Chapter Thirty Six
Discharged for the second time in two weeks, this time with his doctor’s approval, Daaem felt much better. Remembering the state he’d been in the last time he’d set foot in his apartment made his cheeks burn with embarrassment – he’d been in a state.
Guiltily, he thought of Aabirah and the way he’d treated her. He knew now that she really had come to visit him – his father had confirmed it. Exhausted and high on painkillers, he’d assumed that she was just another dream tormenting him. But she’d been real and he’d screamed his throat nearly raw trying to make her go away.
She’d by some miracle agreed to see him, had even held his hand and he’d chased her away. Daaem groaned at his own stupidity.
He just kept messing things up. Every time he thought that he’d sunk as low as he could go, he dropped down even further into the muck.
He had no idea how to fix things – with Aabirah or with work. He’d somehow managed to not screw up any of the tasks his father had assigned him in the past few months, limiting his self-destructive behaviour – and it had been self-destructive, he’d always known that even as he did it anyway – to outside of office hours.
But he’d completely lost any credibility and he’d succeeded in making his father think he was a complete and utter imbecile who couldn’t function without supervision.
Daaem buried his head in his hands. He’d royally messed it all up this time. And he had no idea how to get out of the hole he’d dug himself into.
Letting out a forlorn sigh, Daaem headed into the shower. He may be a mess but he could be a clean mess.
Half an hour later, he emerged, feeling vaguely human again for the first time in a while. The shower had made him ridiculously sleepy and after pulling on his softest pair of sweats, he went straight to sleep.
When Daaem woke again, it was the middle of the night and he was in pain. While he was waiting for his next dose of painkillers to kick in, he examined his bedside table. There was a new cellphone lying there and he seized it, eager for something to distract himself with.
A card came with it and he glanced at it blearily.
Adam Cassim, it read.
Daaem remembered the strange offer with a laugh. He still couldn’t believe that Adam had gone to so much effort – even if he hadn’t been sincere which he obviously wasn’t – it had still taken time to come meet Daaem, talk to him, wait to hand him the business card and be cryptic before finally leaving.
Daaem shook his head. He couldn’t figure out Adam’s angle. Surely there was one – no one was nice for no reason. But Daaem couldn’t see it.
He dismissed it, yawning. The painkillers had finally started to kick in and his eyelids were drooping.
Despite himself, Daaem tucked the business card away carefully.
Just in case.
Ameer Shaik stood outside his son’s apartment, once again knocking hard. He really needed to get a key to the place.
Daaem yanked the door open, clearly in a sour mood and Ameer fought the urge to scold. He’d finally gotten to a point where Daaem wasn’t sniping at him with every breath the boy took and he wanted to keep it that way.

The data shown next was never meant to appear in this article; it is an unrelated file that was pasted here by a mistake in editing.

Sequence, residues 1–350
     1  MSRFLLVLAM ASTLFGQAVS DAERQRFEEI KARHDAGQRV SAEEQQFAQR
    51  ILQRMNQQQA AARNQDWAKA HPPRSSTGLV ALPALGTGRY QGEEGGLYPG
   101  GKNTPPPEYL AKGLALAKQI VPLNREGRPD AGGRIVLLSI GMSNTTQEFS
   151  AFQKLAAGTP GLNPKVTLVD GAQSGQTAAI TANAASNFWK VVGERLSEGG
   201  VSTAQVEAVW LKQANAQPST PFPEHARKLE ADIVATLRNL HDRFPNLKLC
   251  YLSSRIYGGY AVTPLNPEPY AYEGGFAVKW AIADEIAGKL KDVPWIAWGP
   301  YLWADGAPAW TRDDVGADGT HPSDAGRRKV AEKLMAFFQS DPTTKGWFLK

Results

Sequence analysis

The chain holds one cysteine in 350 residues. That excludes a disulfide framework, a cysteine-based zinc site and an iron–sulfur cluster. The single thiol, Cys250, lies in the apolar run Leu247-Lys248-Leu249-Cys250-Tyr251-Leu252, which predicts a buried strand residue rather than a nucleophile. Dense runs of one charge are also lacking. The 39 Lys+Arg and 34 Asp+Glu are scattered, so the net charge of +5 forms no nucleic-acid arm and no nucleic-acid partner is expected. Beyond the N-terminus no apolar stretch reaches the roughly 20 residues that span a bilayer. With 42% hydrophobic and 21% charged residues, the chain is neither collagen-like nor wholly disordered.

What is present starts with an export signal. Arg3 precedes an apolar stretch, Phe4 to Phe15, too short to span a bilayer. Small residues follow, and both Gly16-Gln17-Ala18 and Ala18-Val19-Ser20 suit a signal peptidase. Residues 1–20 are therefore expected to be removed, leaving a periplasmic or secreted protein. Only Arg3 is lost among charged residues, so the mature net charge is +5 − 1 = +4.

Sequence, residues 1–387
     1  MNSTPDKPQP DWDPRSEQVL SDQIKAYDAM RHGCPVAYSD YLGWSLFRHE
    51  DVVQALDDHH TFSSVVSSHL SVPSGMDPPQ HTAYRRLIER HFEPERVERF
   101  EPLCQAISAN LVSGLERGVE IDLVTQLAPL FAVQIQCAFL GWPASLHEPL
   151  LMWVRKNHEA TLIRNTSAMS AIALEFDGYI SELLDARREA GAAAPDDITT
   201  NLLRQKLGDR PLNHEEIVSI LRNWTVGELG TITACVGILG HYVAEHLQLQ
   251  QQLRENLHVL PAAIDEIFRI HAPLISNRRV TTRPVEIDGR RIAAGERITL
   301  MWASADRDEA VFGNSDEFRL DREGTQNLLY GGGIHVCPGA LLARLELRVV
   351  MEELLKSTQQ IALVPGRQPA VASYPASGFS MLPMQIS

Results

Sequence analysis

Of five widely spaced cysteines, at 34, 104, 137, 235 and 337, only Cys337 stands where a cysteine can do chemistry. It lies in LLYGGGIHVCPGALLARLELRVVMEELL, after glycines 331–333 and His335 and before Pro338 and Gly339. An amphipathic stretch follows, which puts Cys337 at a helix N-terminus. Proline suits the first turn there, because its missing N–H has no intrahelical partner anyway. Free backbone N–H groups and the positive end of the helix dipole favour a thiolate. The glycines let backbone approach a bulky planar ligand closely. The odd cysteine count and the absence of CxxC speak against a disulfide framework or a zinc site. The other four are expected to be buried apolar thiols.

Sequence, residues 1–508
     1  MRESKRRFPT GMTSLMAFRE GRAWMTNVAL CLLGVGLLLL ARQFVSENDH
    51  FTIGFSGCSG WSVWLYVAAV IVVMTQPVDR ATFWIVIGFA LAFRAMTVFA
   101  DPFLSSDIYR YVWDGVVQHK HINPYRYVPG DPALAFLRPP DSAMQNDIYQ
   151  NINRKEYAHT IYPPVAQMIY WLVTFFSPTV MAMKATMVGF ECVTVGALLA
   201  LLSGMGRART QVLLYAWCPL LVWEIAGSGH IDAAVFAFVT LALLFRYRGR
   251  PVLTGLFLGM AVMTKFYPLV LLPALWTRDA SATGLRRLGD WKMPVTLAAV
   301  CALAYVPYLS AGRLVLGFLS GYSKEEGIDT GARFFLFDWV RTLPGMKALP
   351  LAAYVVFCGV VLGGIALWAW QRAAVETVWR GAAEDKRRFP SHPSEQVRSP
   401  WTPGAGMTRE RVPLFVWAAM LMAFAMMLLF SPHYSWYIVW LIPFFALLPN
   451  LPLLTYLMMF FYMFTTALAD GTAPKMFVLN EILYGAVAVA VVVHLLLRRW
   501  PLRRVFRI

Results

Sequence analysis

It wasn’t hard to keep his tongue in check. His son still looked ridiculously pathetic for a twenty four year old and Ameer had to resist the urge to hug him, knowing that Daaem wouldn’t be receptive to it.
Not for the first time, he lamented the distance between himself and his son. Ameer knew that it wasn’t solely Daaem’s fault. He had held the boy at arms length for years and when he’d tried to reforge a bond between them, Daaem had been too old and too distrustful to make it go at all smoothly. Then he’d turned into a surly teenager and things had just kept going downhill from there.
Ameer shook his head in regret. What he wouldn’t give to change the way Daaem’s childhood had gone…
“How are you feeling?” he asked the boy, examining him. Still too thin and far too pale. But he was better than he’d been a week ago when Ameer had had to practically carry him out of the apartment.
“Better,” Daaem admitted. Then he added, “Thanks.”
Ameer blinked, schooling his expression before the shock could show. “You’re welcome.”
“Did you need something?” Daaem asked, fidgeting.
“I wanted to talk to you about work,” Ameer said carefully.
Daaem’s head snapped up. “What about work?” the boy asked suspiciously.
Ameer took a deep breath. This was not going to be pretty. Daaem was always so stubborn.
“I don’t think you should come back to work for a while. You’ve been… in bad shape. And it’s such a stressful time right now. I don’t think it’s a good environment for you to start back up in.”
Ameer scanned Daaem’s face for clues but his son’s face was impassive.
“So when should I start again then?” Daaem asked, looking down at his lap.
“In a few months? I hadn’t given it that much thought. We could play it by ear,” Ameer suggested.
“Okay,” Daaem agreed.
‘Okay’? What was wrong with Daaem? His son had never acquiesced to something so easily in his life. Ameer had always privately thought that Daaem created conflict for the hell of it sometimes.
But he’d agreed without a fight. Perhaps the accident had been a wake up call for him as much as it had for Ameer himself.
He left Daaem soon after, pleased that they seemed to be able to communicate so easily for once and optimistic about the future. He had no idea what kind of state he’d left his son in and if he’d had even an inkling of it, he would never have left so easily.